T.V. Tray Table and Stand

This is one of a set of four metal “TV” tray tables and stands from the mid-1960s. The black trays are decorated with a party-theme design showing bright green, red, blue, and yellow ribbon stripes dancing over a confetti pattern background in the same colors. Each tray table is 23 inches high, 17.5 inches wide, and 13 inches deep. The TV tray tables fold flat for easy storage, and have rubber grips to hold the tray in place on the stand.
In 1954, C.A. Swanson & Sons in Omaha, Nebraska, introduced the frozen TV dinner, marketing it as an easy-to-prepare, fun-to-eat meal, with a disposable tray that reduced clean-up time. The portable TV dinner tapped into Americans’ excitement over television, allowing families to eat in front of their new sets. By 1960, nearly 90 percent of American homes had a television.
Inexpensive folding-tray tables were made for eating in front of the TV and became an alternative to the family dinner table. Trays were made of metal, fiberglass, wood, and heavy duty plastics so they could withstand the heat from the food, and be durable enough to withstand constant use and cleaning. Tray patterns included nature scenes, food illustrations, and later included television characters. The look of the trays adapted to aesthetic trends as the TV tray became an essential furniture item in many American homes.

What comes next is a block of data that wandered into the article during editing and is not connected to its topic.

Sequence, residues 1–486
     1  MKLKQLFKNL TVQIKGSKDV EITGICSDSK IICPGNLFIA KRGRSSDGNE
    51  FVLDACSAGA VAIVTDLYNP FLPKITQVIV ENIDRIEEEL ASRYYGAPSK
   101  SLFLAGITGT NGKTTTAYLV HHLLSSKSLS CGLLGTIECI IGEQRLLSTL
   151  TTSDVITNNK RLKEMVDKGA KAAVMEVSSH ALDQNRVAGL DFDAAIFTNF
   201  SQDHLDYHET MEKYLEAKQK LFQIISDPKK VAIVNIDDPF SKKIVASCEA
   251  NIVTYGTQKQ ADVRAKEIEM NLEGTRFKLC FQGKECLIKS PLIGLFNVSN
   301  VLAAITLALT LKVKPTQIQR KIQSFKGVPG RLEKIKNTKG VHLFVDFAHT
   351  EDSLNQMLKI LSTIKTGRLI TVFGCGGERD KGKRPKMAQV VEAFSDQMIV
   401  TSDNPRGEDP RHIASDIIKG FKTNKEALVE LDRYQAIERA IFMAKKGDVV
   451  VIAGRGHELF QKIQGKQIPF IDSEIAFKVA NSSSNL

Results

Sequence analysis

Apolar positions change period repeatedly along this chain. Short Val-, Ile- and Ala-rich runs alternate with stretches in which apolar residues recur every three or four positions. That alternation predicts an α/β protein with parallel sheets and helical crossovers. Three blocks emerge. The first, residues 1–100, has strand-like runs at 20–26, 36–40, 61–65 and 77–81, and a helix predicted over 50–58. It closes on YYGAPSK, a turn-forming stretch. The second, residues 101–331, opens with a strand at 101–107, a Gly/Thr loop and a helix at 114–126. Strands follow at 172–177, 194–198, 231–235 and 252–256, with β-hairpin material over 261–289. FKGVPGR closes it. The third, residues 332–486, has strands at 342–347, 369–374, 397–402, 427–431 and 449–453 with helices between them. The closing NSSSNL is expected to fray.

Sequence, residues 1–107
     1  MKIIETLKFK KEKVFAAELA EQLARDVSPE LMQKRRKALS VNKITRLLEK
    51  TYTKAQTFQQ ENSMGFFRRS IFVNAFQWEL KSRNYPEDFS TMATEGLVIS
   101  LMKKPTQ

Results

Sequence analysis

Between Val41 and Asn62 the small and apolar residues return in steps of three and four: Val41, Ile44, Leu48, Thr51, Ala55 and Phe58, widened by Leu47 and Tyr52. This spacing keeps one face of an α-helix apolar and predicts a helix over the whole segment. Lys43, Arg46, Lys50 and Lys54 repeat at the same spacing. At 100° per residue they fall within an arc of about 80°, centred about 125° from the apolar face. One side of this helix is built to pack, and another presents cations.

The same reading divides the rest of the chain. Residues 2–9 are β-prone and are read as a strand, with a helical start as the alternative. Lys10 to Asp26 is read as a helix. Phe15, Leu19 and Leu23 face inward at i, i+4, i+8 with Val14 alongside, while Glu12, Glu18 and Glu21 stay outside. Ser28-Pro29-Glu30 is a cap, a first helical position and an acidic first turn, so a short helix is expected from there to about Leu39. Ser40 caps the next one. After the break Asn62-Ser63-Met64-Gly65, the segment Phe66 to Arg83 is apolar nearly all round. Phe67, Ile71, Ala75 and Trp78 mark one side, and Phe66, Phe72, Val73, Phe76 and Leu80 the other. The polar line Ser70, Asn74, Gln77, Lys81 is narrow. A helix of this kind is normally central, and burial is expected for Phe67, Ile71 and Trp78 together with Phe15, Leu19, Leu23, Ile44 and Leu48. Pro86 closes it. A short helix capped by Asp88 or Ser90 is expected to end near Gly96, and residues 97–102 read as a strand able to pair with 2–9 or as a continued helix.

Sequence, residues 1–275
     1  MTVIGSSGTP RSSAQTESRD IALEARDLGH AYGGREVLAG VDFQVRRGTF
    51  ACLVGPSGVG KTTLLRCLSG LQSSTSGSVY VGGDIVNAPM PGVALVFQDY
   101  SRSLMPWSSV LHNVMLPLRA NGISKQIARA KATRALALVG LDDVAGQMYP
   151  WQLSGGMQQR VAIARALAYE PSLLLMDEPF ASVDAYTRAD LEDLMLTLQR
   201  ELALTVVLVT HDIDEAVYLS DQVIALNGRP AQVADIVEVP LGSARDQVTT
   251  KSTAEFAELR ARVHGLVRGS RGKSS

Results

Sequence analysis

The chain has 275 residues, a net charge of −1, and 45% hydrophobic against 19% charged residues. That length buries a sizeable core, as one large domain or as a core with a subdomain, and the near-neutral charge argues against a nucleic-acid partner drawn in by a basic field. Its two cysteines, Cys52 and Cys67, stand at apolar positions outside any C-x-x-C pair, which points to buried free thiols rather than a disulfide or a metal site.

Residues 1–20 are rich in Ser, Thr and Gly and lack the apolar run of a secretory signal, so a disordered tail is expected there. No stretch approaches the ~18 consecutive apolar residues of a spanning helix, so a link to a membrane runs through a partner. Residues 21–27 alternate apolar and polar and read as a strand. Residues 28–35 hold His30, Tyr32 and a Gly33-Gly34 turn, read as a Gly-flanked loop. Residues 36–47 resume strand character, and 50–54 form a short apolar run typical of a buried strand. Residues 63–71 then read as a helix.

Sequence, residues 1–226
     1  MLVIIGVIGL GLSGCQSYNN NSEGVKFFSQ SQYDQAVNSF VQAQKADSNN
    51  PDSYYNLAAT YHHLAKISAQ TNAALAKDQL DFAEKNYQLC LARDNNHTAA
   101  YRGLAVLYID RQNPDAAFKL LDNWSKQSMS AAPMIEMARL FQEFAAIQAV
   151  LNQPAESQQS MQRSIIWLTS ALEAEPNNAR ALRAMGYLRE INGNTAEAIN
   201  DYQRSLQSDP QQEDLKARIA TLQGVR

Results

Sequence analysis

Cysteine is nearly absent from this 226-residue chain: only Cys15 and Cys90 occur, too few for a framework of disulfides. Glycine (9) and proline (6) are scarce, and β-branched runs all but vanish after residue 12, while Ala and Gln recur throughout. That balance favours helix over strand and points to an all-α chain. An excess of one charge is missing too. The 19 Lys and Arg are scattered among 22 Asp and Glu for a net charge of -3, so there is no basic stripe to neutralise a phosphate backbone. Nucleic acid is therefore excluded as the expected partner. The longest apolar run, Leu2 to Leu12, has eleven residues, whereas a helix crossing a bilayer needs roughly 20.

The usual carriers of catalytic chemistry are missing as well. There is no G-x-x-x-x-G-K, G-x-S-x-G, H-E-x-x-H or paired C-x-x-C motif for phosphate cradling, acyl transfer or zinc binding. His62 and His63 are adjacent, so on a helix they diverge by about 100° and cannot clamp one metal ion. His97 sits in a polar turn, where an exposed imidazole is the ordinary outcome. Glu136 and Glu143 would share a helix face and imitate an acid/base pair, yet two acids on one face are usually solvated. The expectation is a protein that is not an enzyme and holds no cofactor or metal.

These tray tables are still made today, some in retro styles mimicking the old sets, and others in sleek metal and wood modernist constructions. The trays are marketed not only as platforms for food, but also as side tables, desks, and beverage trays. The recent fascination with repurposing and reusing retro items has caught hold of the TV tray, and they are popular design features, particularly in small apartment spaces that require multi-use spaces.
Object Name
t.v. tray
date made
ca 1950-2000
Physical Description
metal (overall material)
overall: 17 1/2 in x 13 in x 1 in; 44.45 cm x 33.02 cm x 2.54 cm
ID Number
catalog number
accession number
FOOD: Transforming the American Table 1950-2000
Domestic Furnishings
Food Culture
See more items in
Home and Community Life: Domestic Life
FOOD: Transforming the American Table 1950-2000
Food: Transforming the American Table 1950-2000
Data Source
National Museum of American History, Kenneth E. Behring Center

Visitor Comments

Add a comment about this object

**Please read before submitting the form**

Have a comment or question about this object to share with the community? Please use the form below. Selected comments will appear on this page and may receive a museum response (but we can't promise). Please note that we generally cannot answer questions about the history, rarity, or value of your personal artifacts.

Have a question about anything else, or would you prefer a personal response? Please visit our FAQ or contact page.

Personal information will not be shared or result in unsolicited e-mail. See our privacy policy.

Enter the characters shown in the image.